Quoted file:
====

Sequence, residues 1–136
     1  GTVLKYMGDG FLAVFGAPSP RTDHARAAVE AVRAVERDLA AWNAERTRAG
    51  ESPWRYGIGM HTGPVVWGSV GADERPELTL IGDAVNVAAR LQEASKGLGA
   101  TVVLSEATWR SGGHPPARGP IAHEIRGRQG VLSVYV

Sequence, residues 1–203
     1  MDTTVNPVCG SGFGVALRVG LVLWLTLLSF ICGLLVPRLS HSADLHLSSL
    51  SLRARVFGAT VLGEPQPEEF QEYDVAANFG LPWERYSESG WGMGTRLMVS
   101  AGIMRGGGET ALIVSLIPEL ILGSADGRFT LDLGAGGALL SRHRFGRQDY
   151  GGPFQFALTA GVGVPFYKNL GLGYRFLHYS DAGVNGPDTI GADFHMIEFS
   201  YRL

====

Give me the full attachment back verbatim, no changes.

Sequence, residues 1–136
     1  GTVLKYMGDG FLAVFGAPSP RTDHARAAVE AVRAVERDLA AWNAERTRAG
    51  ESPWRYGIGM HTGPVVWGSV GADERPELTL IGDAVNVAAR LQEASKGLGA
   101  TVVLSEATWR SGGHPPARGP IAHEIRGRQG VLSVYV

Sequence, residues 1–203
     1  MDTTVNPVCG SGFGVALRVG LVLWLTLLSF ICGLLVPRLS HSADLHLSSL
    51  SLRARVFGAT VLGEPQPEEF QEYDVAANFG LPWERYSESG WGMGTRLMVS
   101  AGIMRGGGET ALIVSLIPEL ILGSADGRFT LDLGAGGALL SRHRFGRQDY
   151  GGPFQFALTA GVGVPFYKNL GLGYRFLHYS DAGVNGPDTI GADFHMIEFS
   201  YRL